Healthy emotional intelligence can bring you greater joy and fulfillment in your own life, and it surely has the power to increase the quality of your relationships. There’s a reason why my recent book Date Smart, which sets out to help people find and build healthy relationships, focuses so heavily on EQ skills: Solid emotional intelligence is critical for all healthy intrapersonal and interpersonal relationships. In truth, with so much change and chaos in the world, emotional intelligence is the go-to quality we all need.
But emotional intelligence is not a given. We have to work to gain and maintain our EQ throughout life.
There are five core aspects of EQ:
- Social skills
- Personal motivation for self-growth
The depth and breadth of these key components might seem intimidating, but increasing your EQ doesn’t need to be complicated. Over the years working with clients as a clinical psychologist, I’ve developed a simple, actionable strategy that reliably helps people grow in each of these areas simultaneously.
The method is a simple “1-2-3” process. As situations come up in life that bring up uncomfortable thoughts and feelings such as anger, irritation, or confusion, mentally run through these three steps. Although the process may feel unfamiliar at first, it will become second nature with patience, practice, and perseverance. Each step naturally increases all five of the core EQ aspects, though some steps will hone certain EQ elements more than others.
With this little “1-2-3” mindset shift—and a lot of ongoing practice—you’ll feel your level of EQ growing stronger by the day:
This first step, which tends to improve the EQ components of self-knowledge, self-control, and self-growth motivation, focuses on self-reflection.
For example, if you’re feeling deeply stuck in your romantic relationship, you may be so confused that you don’t know what you really want or truly deserve. To unravel the situation and make an emotionally intelligent decision on what to do next, you must first make space to self-reflect. That might look like journaling, meditating, or sitting in quiet to nonjudgmentally reflect on what’s taking place.
The more space you make for your own experiences, the more self-knowledge you will accrue. So, when you pause to self-reflect, allow your thoughts and feelings to flow. You may need to repeat this process several times before gaining the clarity you want and need.
As you make time to be with yourself in quiet, objective self-reflection, you’ll also find that you become less reactive and more self-controlled; this will lead to a greater sense of personal empowerment. As well, the fruits of your self-reflection will naturally foster greater self-growth; you will feel yourself developing more fully over time.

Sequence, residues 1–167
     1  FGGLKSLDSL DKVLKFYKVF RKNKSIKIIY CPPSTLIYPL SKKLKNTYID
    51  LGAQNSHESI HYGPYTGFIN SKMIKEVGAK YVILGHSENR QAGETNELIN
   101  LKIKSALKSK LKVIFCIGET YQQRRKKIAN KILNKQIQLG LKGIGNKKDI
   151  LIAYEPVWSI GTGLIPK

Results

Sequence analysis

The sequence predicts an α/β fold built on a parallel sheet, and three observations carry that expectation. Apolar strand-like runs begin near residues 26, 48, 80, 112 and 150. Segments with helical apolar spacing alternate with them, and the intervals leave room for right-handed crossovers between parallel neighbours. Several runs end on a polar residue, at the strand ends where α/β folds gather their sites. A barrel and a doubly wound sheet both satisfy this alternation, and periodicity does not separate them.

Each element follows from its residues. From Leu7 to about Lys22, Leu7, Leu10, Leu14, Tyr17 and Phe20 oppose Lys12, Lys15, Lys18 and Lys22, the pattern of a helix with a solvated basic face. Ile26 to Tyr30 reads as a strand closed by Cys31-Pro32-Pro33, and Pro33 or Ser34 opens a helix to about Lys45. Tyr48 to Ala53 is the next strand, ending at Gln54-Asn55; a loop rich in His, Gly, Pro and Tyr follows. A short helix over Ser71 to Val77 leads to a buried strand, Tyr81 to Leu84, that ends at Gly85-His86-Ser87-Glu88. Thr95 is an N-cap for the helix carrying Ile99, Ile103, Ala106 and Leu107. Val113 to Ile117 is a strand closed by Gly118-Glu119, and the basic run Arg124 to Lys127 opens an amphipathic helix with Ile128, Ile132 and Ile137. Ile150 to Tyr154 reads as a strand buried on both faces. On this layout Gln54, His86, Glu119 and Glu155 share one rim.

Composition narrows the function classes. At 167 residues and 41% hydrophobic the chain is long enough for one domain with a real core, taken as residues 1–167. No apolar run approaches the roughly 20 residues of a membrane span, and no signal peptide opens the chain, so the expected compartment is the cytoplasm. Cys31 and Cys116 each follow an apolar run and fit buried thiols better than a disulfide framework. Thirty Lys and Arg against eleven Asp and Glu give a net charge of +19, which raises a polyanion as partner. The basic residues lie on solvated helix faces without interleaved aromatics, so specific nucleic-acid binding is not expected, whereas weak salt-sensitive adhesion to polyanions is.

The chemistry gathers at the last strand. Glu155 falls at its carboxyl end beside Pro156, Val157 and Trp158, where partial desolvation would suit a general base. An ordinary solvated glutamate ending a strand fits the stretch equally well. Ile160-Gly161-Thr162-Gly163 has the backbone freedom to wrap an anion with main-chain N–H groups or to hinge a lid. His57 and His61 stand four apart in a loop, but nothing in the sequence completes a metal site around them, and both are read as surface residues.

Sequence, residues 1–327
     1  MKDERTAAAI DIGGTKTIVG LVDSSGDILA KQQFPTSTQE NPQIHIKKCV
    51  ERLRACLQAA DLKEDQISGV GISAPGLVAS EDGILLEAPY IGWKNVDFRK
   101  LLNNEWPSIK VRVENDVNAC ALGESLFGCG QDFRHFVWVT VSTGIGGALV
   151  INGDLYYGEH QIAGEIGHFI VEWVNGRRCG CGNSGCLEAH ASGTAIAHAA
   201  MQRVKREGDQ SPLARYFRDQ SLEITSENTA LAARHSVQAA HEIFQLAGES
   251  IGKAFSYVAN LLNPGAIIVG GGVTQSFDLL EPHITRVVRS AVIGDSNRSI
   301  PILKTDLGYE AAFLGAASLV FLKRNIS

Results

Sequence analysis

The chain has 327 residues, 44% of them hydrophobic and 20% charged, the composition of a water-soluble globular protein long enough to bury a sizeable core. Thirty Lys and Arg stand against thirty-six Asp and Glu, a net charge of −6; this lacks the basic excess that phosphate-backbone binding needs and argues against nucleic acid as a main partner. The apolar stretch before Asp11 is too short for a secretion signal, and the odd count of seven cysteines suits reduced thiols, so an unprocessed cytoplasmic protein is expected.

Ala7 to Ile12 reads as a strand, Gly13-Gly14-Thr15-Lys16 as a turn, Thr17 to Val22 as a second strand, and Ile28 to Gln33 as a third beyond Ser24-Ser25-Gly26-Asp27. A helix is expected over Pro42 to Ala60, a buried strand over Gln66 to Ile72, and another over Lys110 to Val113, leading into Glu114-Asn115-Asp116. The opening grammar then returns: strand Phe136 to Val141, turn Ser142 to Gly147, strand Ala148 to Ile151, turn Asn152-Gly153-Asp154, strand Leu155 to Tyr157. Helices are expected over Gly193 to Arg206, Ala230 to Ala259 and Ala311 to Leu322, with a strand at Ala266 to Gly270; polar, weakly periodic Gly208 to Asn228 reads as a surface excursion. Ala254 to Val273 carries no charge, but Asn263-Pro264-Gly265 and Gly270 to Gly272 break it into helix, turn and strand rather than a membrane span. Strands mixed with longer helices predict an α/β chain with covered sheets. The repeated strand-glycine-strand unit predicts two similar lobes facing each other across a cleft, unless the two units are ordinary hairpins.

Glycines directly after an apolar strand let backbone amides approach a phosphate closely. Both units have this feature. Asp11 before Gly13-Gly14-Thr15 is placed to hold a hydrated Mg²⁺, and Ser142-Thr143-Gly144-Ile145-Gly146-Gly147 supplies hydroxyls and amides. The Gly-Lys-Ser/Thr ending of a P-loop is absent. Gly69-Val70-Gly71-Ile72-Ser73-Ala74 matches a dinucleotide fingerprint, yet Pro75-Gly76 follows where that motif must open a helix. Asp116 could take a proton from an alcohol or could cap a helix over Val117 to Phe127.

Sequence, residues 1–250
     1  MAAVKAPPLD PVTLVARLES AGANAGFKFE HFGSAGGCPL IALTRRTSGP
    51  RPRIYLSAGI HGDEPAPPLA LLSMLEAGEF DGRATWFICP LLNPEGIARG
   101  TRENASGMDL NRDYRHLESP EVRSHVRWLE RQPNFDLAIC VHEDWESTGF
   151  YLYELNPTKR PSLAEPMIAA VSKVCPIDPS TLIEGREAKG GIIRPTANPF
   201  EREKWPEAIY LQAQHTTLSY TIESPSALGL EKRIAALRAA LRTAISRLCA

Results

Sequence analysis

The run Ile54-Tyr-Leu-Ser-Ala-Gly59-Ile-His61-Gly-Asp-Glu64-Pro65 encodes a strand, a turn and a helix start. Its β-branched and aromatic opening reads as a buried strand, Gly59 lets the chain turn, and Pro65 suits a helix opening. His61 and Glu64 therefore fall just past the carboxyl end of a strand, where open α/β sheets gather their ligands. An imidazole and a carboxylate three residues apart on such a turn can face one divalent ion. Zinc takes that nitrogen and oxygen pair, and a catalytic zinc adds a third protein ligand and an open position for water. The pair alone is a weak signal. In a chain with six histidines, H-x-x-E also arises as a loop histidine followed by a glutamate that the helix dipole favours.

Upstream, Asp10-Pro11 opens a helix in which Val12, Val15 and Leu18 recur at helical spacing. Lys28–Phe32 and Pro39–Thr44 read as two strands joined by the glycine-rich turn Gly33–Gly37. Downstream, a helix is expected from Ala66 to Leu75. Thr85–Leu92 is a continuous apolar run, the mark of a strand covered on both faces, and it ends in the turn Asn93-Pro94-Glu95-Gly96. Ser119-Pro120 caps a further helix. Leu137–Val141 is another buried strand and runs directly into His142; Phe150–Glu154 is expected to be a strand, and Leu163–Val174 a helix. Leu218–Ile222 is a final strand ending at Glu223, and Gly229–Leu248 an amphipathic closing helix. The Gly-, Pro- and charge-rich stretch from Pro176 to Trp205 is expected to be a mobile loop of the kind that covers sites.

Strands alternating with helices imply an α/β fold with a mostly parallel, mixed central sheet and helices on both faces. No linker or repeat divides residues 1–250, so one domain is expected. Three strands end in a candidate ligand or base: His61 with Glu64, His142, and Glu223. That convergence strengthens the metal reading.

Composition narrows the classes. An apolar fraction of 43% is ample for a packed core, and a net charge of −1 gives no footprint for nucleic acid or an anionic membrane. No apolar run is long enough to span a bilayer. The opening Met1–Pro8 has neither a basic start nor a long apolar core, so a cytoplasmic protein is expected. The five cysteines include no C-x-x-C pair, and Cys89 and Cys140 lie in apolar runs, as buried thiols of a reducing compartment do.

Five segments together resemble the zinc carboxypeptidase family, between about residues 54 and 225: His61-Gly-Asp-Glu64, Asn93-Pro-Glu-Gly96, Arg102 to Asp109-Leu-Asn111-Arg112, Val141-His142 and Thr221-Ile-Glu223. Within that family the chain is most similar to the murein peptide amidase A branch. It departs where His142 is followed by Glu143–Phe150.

Step 2: Look outside yourself to evaluate the pros and cons.
This second step fosters the important EQ areas of social skills, empathy, self-control, and overall self-growth.
Evaluate the pros and cons of your decision while considering those around you, in addition to yourself. When you slow down to assess how your thoughts and actions might affect your own life and the lives of others, you increase your ability to make healthy decisions. As well, for those who tend to be either people-pleasers or more on the self-oriented side, this step promotes balance and general awareness.
For example, if you desperately want to leave an unfulfilling job but fear disappointing or upsetting others, this step helps you factor in the overall pros and cons of the situation. Difficulties tend to arise if you focus just on people-pleasing or if you follow your own agenda with no empathy for others. When you pause to mindfully evaluate the overall picture from a neutral stance, you benefit from a perspective that tends to be more balanced and objective. Your EQ will naturally improve when you use a mindful, evaluative process to non-reactively consider the “big picture.”
Step 3: Make a healthy, deeply aware decision.
Learning how to make the ideal decision can be challenging. This final step harnesses and hones all five of the EQ components to help you make choices that are truly right for you and those in your world, which is what emotional intelligence is all about. Your self-knowledge, self-control, social skills, empathy, and motivation for self-growth will benefit as you work through this step.
After moving through the first two steps that help you understand and balance your desires with the larger picture, you’ll feel better knowing that your ultimate decision is based on healthy self-reflection and overall awareness. For example, if you’ve been dealing with a difficult family member, your self-reflection on what you need (completed in Step 1) combined with your evaluative process of how all parties will be affected (completed in Step 2) might bring you to the decision that you need to set healthy boundaries that serve both you and your relationships in the long run.
This is an emotionally intelligent decision because it considers your true needs and the context of the people and relationships being affected.
When you embrace this 1-2-3 method for increasing EQ, you’ll notice that you feel more grounded and less reactive over time. And, of course, all those big and little decisions that affect the very quality of your life will feel less like challenging hurdles and more like kernels of self-growth. You may even be surprised to notice that your self-esteem improves; this is a wonderful side benefit of increased emotional intelligence. The more balanced and powerful you feel within yourself, the more you’ll radiate with strong authenticity.
As with every intentional step we take in our self-growth journey, it’s important to be kind and patient with yourself as your skills evolve. As I often say, all things change for the better when we change with love.